Category Archives: KDE

Linux Voice – Kate wins the advanced text editors group test

Happy news arrived on the kwrite-devel mailing list with this post before Easter ;)

Kate has won the advanced text editor comparison in the Linux Voice magazine – Issue 2, yeah ;)

Nice to see that our work on Kate is awarded.

About Linux Voice: Seems to be some pretty new magazine about Linux & Open Source (Issue 2 says it all) and they promise to give 50% of their profit back to the Free Software community, developers and events. Hope that works out, it is a nice goal.

P.S. And yeah, this is just one comparison and no, lets not start the “editors wars, … edition” in the comments, there are a lot of text editors to choose between and depending on your needs and preferences Kate might not be your favorite ;)

Featured  in Linux Voice

Coming in 4.13: Improvements in the build plugin

Kate comes with a build plugin, which supports running make, or ninja,  or actually any arbitrary command directly from within Kate. This is obvisouly  useful when using Kate as development editor, and this plugin has seen several improvements for the 4.13 release.

A small change, but for affected developers a major improvement, is that Kate  can now parse warning and error messages from the Intel compilers, icpc and icc.
So for those of you using icpc, Kate can now automatically jump to the line of code which caused the error. Actually you don’t have to wait for 4.13 for this, it is already available since 4.12.3.

Beside that, there are improvements which benefit all users of the build plugin. Let’s start with a screenshot, which already shows one of the major changes.

kate-targets

Build plugin showing the list of targets and the Build-menu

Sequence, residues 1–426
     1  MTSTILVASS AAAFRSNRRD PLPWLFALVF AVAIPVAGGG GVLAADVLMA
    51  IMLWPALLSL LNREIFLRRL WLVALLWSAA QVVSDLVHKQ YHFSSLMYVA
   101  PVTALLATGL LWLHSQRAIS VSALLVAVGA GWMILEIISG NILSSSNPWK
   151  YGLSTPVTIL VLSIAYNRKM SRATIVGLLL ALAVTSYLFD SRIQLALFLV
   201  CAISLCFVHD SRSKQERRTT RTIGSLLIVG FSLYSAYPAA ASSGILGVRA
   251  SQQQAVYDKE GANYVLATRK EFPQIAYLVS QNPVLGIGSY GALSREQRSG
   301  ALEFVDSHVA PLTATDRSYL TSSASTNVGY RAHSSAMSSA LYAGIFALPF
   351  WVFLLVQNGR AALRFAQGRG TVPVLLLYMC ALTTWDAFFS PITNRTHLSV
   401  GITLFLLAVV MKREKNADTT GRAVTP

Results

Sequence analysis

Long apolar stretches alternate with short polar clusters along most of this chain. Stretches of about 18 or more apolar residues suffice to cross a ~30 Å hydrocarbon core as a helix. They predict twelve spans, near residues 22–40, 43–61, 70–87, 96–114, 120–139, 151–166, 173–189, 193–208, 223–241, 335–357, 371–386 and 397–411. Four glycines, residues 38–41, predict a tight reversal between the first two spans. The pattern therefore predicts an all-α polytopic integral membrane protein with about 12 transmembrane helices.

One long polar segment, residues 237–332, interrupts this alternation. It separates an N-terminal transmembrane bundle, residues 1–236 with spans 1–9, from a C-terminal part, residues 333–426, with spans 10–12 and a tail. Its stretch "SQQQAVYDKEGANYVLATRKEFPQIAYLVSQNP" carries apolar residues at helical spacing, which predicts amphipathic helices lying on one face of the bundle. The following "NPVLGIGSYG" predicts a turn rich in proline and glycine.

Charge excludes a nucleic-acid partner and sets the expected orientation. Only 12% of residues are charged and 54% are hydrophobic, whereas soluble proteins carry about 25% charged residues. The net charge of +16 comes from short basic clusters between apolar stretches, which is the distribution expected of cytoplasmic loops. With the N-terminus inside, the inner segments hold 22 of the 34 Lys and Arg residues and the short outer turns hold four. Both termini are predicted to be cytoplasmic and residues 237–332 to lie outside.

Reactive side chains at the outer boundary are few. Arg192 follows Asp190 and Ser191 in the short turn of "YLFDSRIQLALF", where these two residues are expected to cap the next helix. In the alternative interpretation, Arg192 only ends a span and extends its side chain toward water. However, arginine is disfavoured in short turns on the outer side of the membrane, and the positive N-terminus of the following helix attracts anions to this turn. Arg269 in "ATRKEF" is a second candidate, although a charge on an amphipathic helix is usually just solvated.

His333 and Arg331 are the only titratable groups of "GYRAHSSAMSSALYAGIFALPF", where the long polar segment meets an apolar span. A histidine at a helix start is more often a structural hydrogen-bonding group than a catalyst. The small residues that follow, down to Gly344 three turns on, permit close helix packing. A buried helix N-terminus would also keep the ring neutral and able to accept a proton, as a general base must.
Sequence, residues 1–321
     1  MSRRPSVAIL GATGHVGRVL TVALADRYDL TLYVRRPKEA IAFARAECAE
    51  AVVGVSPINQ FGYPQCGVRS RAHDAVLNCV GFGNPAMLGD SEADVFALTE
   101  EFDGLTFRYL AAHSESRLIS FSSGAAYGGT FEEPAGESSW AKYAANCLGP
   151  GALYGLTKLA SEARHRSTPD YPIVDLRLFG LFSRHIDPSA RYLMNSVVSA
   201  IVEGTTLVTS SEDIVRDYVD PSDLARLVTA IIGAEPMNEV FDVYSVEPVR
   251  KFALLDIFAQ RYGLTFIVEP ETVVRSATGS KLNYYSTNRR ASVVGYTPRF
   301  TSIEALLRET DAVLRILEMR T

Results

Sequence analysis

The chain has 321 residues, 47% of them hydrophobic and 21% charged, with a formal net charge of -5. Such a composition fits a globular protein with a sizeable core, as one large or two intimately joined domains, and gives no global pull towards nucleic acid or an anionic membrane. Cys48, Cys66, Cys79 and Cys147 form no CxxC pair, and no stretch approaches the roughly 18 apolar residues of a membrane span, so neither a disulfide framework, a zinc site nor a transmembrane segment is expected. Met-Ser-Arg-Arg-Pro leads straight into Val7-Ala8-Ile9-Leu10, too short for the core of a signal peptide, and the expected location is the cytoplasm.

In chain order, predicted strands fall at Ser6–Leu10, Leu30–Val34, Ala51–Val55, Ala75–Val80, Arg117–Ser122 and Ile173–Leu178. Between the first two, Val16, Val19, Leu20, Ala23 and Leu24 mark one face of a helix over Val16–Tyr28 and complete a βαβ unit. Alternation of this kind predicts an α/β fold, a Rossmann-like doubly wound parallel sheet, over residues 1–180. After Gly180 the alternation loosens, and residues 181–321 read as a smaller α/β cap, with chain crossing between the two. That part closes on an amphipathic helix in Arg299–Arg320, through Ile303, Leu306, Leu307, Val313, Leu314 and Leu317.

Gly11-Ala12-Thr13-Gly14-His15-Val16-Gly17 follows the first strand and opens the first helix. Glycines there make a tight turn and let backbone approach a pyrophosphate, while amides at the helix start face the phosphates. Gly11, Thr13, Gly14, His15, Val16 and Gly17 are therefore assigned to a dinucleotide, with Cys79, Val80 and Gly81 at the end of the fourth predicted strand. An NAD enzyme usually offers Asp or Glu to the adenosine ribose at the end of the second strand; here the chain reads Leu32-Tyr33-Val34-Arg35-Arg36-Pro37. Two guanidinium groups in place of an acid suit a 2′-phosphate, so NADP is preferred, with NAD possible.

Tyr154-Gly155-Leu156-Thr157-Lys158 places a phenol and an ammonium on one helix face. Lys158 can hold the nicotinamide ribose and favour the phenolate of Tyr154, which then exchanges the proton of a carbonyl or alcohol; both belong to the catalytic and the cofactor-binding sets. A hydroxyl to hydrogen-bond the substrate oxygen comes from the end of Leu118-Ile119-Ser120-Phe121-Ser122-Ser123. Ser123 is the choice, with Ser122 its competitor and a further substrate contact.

Up to 4.12, it was possible to create multiple “targets”, and each of these targets could contain a “Build” command, a “Clean” command and a “Quick” command.  As of 4.13, the build plugin is not limited anymore to these three commands. As can be seen in the screenshot, every “target set” can now  contain an arbitrary number of actual targets.
They are listed in a table widget. To add a target, click the green “plus”-button in the lower right. This will  append a target to the end of the list. It can be edited by simply double clicking it (or pressing F2 while keyboard focus is in the table).
To delete a target, click the “minus”-button right next to the “plus”
One of the targets can be marked as the “default” target. This will typically be  the target which runs “make all”. Additionally one target can be marked  as the “clean” target, this will typically be “make clean”. For these two special  targets separate keyboard shortcuts can be assigned, so they are always  quickly available.

A whole set of actions which can be bound to shortcuts can be seen here:

build-shortcuts

Configuring keyboard shortcuts for the build plugin

 

Now to the actually interesting part: building something.
There are multiple ways how to start building a target.

The default and the clean targets can be built directly using keyboard shortcuts, in the screenshot above I assigned F8 to the default target.
To build another than the default target, you can select the target you want in the table and then build it by clicking the blue “check”-button next to the “plus” and “minus” buttons.
For keyboard users, there is a quick-select dialog. It shows a list with the names of all targets, which can be filtered by typing part of the target name. That’s a really quick way to build any of the available targets. Here’s a screenshot:

kate-targets-quick-select

The Quick-select dialog for building a target

 

Once building has started, the output is displayed in the log view.
As can be seen, there is only one output tab left, where the “level of detail” can be adjusted using a slider. While building, the plugin automatically switches to the log display.

kate-build-log

Build plugin showing the output while building.

 

Also new, there is now a simple status display, which tells you which target is currently being built or was built previously.
Next to it, there is yet another way to start a build, the “Build again” button. Once some target has been built, using this button the same target can be built again. Oh, and there is now also a button to cancel a build, in case you forgot the assigned keyboard shortcut.

When building has finished, the output tab automatically switches to a parsed output mode, which lists the warning – and error messages. By double clicking on one of them or using the keyboard shortcut of your choice, I assigned F9,  you can jump directly to the line of code which caused the error.

kate-build-error

Build plugin showing the parsed errors after the build failed.

All that together, should make the build plugin even more useful than before.
Have fun compiling ! :-)

Alex